This article was published by the Canada Energy Regulator on June 30, 2021.
Prior to 2008, demand for natural gas in Quebec and Ontario was largely met with domestic production from western Canada transported on the northern Ontario line (NOL) of the TC Canadian Mainline(1). In recent years, the NOL has been supplying less gas to eastern Canada, despite growing demand.
Figure 1: Natural Gas Demand in Ontario and Quebec and Pipeline Flows on the NOL Segment of TC Canadian Mainline
The decline in flows on the NOL since 2006 is largely attributable to growing US Northeast gas production and increased imports of US gas into eastern Canada. Particularly, horizontal drilling and new production technology made gas cheaper to produce and enabled production from the US Appalachian Basin to increase over tenfold between 2010 and 2020, rising from 2.7 Bcf/d (76.5 106m³/d) to 33.7 Bcf/d (954.3 106m³/d).(2) New low-cost drilling methods and the Appalachian Basin’s close proximity to eastern Canadian markets made US Northeast gas more competitive in Canada, leading to more US gas imported and consumed in eastern Canadian markets.
Figure 2 shows the decline of exports and growth of imports at three key points in Ontario: Niagara, Chippawa, and Iroquois. Imports at these key border points increased 31 per cent over the past five years with most of the volumes coming through Niagara. Imported gas at these points is supplied with production from the Appalachian Basin.
Figure 2. Natural Gas Exports and Imports at Key Points in Ontario
In addition to the NOL and imports at Chippawa, Niagara, and Iroquois; Ontario and Quebec are supplied with natural gas from storage. Southern Ontario is home to a series of natural gas storage facilities (known as the Dawn Hub(3)), which is supplied with natural gas from several producing areas in North America, including the Western Canada Sedimentary Basin (WCSB) and the Appalachian Basin. In recent years, the construction of new pipelines in the US (including Rover and Nexus) brought more US production into the Dawn Hub, increasing options for supply for customers in Ontario and Quebec.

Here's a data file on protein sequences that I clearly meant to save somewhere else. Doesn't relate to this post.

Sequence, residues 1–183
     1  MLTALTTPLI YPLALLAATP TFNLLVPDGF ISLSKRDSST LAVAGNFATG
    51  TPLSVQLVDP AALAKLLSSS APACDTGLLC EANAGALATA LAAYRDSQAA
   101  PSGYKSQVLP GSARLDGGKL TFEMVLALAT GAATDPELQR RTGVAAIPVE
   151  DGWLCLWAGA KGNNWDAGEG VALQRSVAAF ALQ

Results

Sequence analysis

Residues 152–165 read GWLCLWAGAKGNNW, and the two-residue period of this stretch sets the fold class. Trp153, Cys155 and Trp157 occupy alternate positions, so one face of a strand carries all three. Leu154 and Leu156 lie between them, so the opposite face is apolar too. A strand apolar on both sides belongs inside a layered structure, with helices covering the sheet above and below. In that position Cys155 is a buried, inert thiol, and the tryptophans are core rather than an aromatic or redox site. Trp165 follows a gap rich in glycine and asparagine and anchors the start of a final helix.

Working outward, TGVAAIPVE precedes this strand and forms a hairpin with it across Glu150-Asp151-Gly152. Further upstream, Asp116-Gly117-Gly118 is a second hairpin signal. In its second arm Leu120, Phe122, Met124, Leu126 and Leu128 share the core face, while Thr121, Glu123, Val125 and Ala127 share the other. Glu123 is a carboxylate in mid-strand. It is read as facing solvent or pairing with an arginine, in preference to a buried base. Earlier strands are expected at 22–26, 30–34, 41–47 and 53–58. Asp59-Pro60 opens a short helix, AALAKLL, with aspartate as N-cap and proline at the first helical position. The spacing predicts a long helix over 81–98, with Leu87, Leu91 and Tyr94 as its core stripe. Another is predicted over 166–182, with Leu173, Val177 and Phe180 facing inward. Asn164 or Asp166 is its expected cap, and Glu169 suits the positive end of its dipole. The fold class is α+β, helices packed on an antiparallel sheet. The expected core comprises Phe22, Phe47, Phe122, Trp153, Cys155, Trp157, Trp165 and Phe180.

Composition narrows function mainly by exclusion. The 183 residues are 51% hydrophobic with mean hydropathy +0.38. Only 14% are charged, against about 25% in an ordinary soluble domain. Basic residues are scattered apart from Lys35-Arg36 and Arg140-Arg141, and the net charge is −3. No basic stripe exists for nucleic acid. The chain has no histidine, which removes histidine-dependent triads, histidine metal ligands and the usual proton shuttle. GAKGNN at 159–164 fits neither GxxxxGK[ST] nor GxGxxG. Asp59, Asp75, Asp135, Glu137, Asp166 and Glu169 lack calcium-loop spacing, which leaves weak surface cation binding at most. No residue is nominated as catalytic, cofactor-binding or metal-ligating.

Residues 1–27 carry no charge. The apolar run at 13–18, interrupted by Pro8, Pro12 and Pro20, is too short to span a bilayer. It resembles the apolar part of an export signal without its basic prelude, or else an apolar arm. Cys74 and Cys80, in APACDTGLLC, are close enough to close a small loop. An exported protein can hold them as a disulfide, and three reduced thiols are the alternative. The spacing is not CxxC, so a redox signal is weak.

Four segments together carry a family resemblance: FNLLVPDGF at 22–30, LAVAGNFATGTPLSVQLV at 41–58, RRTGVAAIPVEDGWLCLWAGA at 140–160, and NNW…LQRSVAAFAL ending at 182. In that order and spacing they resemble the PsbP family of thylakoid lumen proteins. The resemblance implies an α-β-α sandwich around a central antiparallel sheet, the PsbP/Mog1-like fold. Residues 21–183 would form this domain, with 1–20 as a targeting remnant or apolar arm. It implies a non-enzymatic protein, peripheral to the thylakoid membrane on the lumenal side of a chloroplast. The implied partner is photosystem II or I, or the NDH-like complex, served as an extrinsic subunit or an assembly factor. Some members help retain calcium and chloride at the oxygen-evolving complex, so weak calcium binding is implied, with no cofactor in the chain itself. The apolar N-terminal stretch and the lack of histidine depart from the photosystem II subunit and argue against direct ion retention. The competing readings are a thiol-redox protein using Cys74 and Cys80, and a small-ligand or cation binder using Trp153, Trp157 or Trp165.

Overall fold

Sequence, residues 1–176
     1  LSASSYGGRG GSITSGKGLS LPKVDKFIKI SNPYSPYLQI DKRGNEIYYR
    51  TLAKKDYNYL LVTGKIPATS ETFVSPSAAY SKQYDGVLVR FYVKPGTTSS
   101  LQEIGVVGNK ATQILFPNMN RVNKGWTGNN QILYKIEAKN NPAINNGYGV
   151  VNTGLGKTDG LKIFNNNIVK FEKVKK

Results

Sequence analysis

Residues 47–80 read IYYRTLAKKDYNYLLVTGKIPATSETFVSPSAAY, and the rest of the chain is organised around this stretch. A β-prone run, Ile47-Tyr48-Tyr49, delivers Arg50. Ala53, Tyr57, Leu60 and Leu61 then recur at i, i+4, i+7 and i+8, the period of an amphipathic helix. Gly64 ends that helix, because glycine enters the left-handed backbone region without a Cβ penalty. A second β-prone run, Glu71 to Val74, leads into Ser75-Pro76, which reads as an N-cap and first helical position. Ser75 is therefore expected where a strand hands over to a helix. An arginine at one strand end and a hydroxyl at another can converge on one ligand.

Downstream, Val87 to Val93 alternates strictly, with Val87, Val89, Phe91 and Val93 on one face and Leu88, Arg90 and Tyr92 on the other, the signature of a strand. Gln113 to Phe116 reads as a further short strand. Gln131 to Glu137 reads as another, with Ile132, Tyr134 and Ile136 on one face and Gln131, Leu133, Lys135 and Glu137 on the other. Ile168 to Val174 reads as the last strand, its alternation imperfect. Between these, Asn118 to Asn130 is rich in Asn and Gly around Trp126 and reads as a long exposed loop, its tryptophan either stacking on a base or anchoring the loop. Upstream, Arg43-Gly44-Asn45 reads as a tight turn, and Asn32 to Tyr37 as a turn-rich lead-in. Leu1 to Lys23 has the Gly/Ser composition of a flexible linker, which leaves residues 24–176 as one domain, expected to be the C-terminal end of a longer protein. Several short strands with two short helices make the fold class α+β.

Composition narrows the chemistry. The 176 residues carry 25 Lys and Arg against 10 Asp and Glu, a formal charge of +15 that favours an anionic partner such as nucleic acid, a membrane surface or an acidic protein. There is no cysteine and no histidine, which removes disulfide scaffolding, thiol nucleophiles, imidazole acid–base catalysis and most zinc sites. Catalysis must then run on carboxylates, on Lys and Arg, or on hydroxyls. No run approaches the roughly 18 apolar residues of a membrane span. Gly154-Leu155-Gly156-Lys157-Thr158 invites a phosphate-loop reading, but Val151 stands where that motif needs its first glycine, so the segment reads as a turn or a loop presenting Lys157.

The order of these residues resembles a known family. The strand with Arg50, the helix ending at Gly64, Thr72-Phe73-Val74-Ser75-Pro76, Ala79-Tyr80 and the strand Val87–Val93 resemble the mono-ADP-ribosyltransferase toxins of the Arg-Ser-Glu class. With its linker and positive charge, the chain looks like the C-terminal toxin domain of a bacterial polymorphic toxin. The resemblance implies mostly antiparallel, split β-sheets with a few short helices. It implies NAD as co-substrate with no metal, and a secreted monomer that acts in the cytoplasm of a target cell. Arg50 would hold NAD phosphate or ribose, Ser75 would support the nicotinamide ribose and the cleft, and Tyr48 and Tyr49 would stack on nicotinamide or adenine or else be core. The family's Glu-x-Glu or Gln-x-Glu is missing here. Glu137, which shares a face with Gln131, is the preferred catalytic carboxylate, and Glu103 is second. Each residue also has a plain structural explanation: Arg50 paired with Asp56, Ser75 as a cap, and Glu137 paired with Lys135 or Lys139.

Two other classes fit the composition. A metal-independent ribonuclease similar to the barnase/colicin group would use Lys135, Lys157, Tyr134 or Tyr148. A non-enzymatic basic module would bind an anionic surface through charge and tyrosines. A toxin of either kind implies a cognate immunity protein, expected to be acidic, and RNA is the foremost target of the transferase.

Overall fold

Western Canadian gas production grew over the past decade from 14.2 Bcf/d (403.0 106m³/d) in 2010 to 15.4 Bcf/d (436.5 106m³/d) in 2020(4), and flows have been re-adjusted to other markets in response to displacement in Ontario and Quebec. Particularly, more western Canadian gas now meets increased demand in Alberta from the growing power generation and industrial sector. Similarly, exports of western Canadian gas have now shifted and supply more to the US Pacific Northwest(5) after being crowded out of the US Northeast. See the Pipeline Capacity and Utilization section of CER’s Canada’s Pipeline System 2021: Understanding CER-Regulated Infrastructure report for more information.
- TC. Canadian Mainline transports natural gas produced in the Western Canadian Sedimentary Basin to consumers in eastern Canada and the United States (U.S.). Since the mid–2000s, some export points on the eastern portion of the Mainline were reversed to become import points that bring natural gas produced in the Appalachian Basin into Canada. In eastern Canada, the TC Canadian Mainline connects with several U.S. natural gas pipelines, including Iroquois Gas Transmission, Portland Natural Gas Transmission System, Tennessee Gas Pipeline, National Fuel Gas Pipeline and Empire State Pipeline. For more information about the TC Canadian Mainline is available.
- Appalachia Region, Drilling Productivity Report (EIA).
- Dawn Hub storage has approximately 275 billion cubic feet of storage capacity (Union Gas).
- Marketable Natural Gas Production in Canada (CER).
- Kingsgate export point, Foothills Pipeline – Pipeline Profile (CER). See also Natural Gas Annual Trade Summary – 2020 (CER).